Using Complementary Colors like the Impressionists Did
1. Mutually Reinforcing ColorsAn adherent to Chevreul’s color theory would point out here that the plum accent pillows appear redder here than they would against, say, orange pillows, where they might look more purple. The argument is that all the green in this room casts its complement, red, onto those two lonely plum pillows. Whether you subscribe to the theory or not, it is undeniable that the wallpaper and overall color scheme do give this room an Impressionistic lilt, and each color seems to enhance the other.
2. Contrasting Dark with BrightWhile not an Impressionist painting in the nineteenth century French sense, the painting seems to have informed the designer’s color choice for the chair. Drawing out the yellow in the painting makes the deep indigo tones stand out more, while prioritizing the blue for the chair’s upholstery would have seemed to place the fiery oranges on center stage.
4. A Thoughtful Backdrop to ArtThis example from the same home is dear to my heart because, as an art lover, I’m always thrilled when homeowners and designers dare to paint their gallery walls something other than white. This balmy teal hallway pushes a complementary orange into relief and makes this painting stand out much more than it would have against a bland wall.
5. Intensity MattersI also love to use this photo as a lesson in the same principle of adding a dash of complementary color to put another color in relief. In this case, it’s the inverse of the previous photo: Using an orange tone to make a bluer tone stand out. Clear, bright colors were used in the previous Modern Impressionist project, but more complex, historic colors are privy to the same effect: It is recommended, though, to choose colors of a similar intensity, bright with bright and muted with muted.
6. Mixing Across a Tonal RangeWant your peach and salmon tones to veer more pink than orange? Consider pairing them with green instead of blue. Remember that according to that prominent color theorist, Chevreul, green casts complementary red onto hues under its umbrage, while blue casts orange. Blush, salmon, peach, or coral, though, you can’t go wrong with a palette of blues and greens that pop with sunset colors.
7. Simultaneous Contrast Colors Our PerceptionWhat’s not to love about this dynamic vortex of color. At first glance, the leaves in the wallpaper seem yellow, owing– if Chevreul is to be believed– to the purple sofa’s complementary cast. However, on closer inspection, they’re actually green, and not at all the same hue as the true yellow sky in the watercolor painting above the sofa. Why does it work to pull green, purple, and violet all together on one wall? It’s because of that yellow cast that melds the green and yellow together in the mind’s eye.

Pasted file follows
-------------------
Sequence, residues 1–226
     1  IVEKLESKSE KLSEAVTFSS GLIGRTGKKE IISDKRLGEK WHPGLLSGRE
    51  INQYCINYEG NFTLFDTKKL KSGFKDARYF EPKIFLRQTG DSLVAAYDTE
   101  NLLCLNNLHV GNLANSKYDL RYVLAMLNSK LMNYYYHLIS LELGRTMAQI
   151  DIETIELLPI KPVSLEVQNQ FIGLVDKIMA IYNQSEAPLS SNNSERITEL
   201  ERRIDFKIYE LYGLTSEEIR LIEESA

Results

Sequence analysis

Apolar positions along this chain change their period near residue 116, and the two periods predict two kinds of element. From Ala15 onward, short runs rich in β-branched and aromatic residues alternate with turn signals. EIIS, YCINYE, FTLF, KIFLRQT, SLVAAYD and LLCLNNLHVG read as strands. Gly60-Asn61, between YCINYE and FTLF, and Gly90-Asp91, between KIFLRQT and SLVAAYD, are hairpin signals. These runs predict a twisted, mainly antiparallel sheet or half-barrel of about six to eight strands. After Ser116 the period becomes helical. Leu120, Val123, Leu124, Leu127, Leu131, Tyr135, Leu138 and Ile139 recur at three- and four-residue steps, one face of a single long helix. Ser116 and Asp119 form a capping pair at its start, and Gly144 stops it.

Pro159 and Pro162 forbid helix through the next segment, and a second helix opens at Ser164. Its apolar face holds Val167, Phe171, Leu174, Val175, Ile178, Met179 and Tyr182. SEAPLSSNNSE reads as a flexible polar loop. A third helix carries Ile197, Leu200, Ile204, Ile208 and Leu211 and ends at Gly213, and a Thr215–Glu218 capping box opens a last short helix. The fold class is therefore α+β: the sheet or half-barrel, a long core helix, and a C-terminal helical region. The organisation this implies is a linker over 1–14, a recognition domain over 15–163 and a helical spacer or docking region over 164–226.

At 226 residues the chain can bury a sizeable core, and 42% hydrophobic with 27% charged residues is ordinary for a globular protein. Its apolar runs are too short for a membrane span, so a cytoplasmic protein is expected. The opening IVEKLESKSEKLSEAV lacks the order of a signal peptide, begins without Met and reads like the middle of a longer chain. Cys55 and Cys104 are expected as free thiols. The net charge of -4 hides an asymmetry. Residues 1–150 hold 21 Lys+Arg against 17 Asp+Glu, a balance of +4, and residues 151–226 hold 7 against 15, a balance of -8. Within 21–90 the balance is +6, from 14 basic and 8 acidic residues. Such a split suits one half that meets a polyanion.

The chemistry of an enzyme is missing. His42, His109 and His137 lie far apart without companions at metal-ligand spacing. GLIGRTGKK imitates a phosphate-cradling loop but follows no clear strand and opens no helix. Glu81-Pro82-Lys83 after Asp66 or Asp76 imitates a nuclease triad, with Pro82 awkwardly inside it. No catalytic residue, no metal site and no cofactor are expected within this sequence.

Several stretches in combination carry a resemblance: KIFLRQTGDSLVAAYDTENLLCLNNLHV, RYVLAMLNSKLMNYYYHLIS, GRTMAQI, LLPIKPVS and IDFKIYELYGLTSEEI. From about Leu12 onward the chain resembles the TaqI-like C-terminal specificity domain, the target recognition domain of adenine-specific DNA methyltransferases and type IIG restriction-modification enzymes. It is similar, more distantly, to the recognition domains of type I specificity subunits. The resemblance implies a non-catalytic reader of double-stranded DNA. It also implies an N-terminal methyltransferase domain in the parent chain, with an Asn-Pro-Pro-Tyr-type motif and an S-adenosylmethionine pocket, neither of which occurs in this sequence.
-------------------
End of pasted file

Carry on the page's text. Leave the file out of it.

8. Coloring Natural HidesThe back of this banquette may very well be brown leather, but because of the way the lush greenery plays against it in the background, it appears distinctly red in tone. Whether this is simply an optical effect or a genuine reflection of the upholstery fabric’s color, it’s a tasteful pairing of two complements that can be deceivingly hard to get right.
9. Coloring Natural Wood GrainIt’s safe to say that this colorful painting would probably make a statement irrespective of the wall color behind it, but would the orange tone of the wood vanity? The question remains hypothetical because we have the pleasure of seeing how a periwinkle blue with just a touch of purple deftly displays the complementary orange and yellow tones present.
10. Two for TwoAgainst an ivory backdrop, this sunflower painting risks being overpowered by the bold blue diamond ikat of the rug, but thanks to a savvy designer who pulled that yellow down and positioned it in front of the blue fireplace as a pillow, the yellow painted flowers remain an integral part of the spectacle.
12. Mixing Color and TemperatureFinally, mixing colors is all about having fun, so if you’re experimenting with wall color, get out an easel and do your brainstorming by mixing up some paint samples until you hit on just the right shade and proportion. Maybe you’ll find you’re drawn to bright, saturated hues like Van Gogh and Gauguin, or maybe you gravitate toward Monet’s pastels. Maybe you’ll go chic and sophisticated as designer Franck Renoir does here, mixing color and temperature in the form of a very cool gray-blue with warm amber tones. The sky truly is the limit!